Jul 8, 2016

Interview Transcript

Interviewer: A lot of people are always working for the weekends, but really you should be watching out for the weekends. We'll examine that next on The Scope.

Announcer: This is, From the Frontlines with emergency room physician Dr. Troy Madsen, on The Scope.

Interviewer: Dr. Troy Madsen is an emergency room physician at University of Utah Health Care. It turns out that on Friday, Saturday, and Sunday, those are some of the most deadliest days of the week. I wanted to find out from Dr. Madsen, what are causing people to die on the weekends? You would think that it would be nice and low, because everybody would be happy and just relaxing. Right? But no.

Dr. Madsen: You'd think so. You'd think people are enjoying the weekend, just getting out, having a nice time with the family. But that's not the case.

Interviewer: No?

Dr. Madsen: Yeah. This is based on a study from the Centers for Disease Control, where they looked at, "What is the deadliest day of the week?" Being an ER doctor, when I saw the title of this article, without even seeing anything, I knew it was Saturdays.

Interviewer: Really, just based on your own personal experience for what you see?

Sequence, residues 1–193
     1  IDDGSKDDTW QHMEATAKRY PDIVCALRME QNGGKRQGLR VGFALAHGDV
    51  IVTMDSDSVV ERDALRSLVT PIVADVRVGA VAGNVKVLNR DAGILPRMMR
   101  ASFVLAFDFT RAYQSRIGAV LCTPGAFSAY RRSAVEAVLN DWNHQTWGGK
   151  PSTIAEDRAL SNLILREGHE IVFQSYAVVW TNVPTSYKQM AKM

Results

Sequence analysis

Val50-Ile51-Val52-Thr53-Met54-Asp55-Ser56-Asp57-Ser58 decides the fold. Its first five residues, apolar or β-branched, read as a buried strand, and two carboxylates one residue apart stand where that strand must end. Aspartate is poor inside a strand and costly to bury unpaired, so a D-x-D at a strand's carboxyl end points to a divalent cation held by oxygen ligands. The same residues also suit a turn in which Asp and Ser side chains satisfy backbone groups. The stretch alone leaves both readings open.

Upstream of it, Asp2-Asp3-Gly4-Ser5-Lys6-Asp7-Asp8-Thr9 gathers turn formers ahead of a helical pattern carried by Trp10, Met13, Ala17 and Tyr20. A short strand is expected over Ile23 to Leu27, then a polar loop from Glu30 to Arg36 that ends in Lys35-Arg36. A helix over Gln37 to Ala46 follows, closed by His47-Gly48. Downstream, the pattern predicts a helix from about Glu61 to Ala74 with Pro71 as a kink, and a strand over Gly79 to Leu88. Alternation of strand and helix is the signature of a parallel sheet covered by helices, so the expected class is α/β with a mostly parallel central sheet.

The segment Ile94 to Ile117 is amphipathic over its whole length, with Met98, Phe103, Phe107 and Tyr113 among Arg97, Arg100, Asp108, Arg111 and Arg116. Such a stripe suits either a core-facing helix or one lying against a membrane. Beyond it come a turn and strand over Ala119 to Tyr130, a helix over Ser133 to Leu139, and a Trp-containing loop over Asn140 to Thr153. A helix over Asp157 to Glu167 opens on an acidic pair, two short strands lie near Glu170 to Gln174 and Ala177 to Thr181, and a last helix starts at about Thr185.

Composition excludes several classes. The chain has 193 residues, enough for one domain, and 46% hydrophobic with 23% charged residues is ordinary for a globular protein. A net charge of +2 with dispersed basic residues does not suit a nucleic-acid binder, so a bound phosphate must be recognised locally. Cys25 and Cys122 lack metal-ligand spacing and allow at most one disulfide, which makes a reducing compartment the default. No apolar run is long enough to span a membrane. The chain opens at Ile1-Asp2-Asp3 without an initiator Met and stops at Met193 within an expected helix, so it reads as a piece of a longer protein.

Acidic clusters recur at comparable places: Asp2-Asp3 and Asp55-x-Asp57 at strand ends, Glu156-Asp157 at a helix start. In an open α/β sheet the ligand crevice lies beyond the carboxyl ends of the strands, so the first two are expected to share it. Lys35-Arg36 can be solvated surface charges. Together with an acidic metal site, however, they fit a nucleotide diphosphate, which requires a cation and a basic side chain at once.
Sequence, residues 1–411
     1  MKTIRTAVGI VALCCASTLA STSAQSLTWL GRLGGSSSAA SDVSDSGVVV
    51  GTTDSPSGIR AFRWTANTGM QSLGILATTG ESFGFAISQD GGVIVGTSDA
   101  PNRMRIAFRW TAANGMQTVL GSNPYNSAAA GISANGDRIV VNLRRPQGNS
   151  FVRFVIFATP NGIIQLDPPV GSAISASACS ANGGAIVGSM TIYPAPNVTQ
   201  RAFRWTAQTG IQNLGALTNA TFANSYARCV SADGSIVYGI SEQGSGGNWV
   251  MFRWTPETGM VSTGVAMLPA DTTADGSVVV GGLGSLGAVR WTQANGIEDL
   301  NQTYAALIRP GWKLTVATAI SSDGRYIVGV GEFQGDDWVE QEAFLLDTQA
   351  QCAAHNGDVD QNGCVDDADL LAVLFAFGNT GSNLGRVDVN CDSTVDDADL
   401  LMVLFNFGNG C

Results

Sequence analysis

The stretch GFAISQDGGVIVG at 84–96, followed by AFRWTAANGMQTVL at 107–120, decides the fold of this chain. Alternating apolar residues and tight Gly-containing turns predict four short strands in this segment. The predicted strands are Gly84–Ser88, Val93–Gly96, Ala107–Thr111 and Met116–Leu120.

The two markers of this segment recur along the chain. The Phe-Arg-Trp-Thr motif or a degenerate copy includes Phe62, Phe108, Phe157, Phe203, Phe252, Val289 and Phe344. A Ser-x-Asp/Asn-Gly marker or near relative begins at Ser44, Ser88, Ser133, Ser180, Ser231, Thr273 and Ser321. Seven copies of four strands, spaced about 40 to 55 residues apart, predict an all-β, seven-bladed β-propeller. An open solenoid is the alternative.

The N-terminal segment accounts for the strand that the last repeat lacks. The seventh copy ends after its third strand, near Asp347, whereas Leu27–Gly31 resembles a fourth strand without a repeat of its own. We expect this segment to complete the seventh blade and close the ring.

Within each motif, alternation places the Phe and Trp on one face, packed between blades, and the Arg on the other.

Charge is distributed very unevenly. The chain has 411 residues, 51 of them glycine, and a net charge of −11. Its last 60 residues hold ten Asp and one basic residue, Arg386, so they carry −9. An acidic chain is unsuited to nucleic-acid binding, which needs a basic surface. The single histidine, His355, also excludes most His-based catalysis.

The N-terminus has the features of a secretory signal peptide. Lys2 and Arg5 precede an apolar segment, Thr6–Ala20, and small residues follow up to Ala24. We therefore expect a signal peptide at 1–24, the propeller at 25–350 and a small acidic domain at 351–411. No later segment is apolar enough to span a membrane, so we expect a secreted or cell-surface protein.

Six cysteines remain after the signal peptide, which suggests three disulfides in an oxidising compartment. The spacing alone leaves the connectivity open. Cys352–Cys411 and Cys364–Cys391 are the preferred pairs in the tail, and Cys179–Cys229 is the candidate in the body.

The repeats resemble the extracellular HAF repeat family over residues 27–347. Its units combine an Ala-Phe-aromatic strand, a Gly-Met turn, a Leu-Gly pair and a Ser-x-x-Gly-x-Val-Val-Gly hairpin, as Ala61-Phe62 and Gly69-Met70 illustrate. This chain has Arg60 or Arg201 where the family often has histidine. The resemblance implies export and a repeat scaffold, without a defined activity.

Dr. Madsen: Exactly. I said, "It's Saturdays," and sure enough it's Saturdays.

Interviewer: Wow. Okay. So why is that? What are we doing on the weekends that's so bad for us?

Dr. Madsen: The really interesting thing, I was a little surprised by this, but again being in the ER I do see this quite often, is car crashes. You would think this would be something during the week. People are commuting. Maybe there's bad weather. They're having accidents then.

Interviewer: There'd be more people on the road during the week, I would think.

Dr. Madsen: You would think so, but that's not the case. The most number of deaths from car accidents actually happens on Saturdays.

Interviewer: Okay.

Dr. Madsen: It's probably because people are not driving as well as they should, or maybe there's some alcohol involved.

Interviewer: Oh.

Dr. Madsen: It may be a number of factors, or people are out of their routine. It's not just that routine commute to work or the route they're familiar with. Whatever it is, or maybe they're getting away on like a weekend getaway, something like that, car crashes peak on Saturdays.

Interviewer: Okay. More car crashes on Saturday than any other day of the week.

Dr. Madsen: Exactly.

Interviewer: So watch it if you're behind the wheel.

Dr. Madsen: Watch it if you're behind the wheel. The other thing we see a lot of on Saturdays is firearms. This one does make sense. You figure people probably are not out shooting guns maybe during the week, and maybe on the weekend they are. This probably depends where you live. I don't know what the firearm deaths, what percentage of that are accidental firearm deaths versus intentional, where people are shooting other people.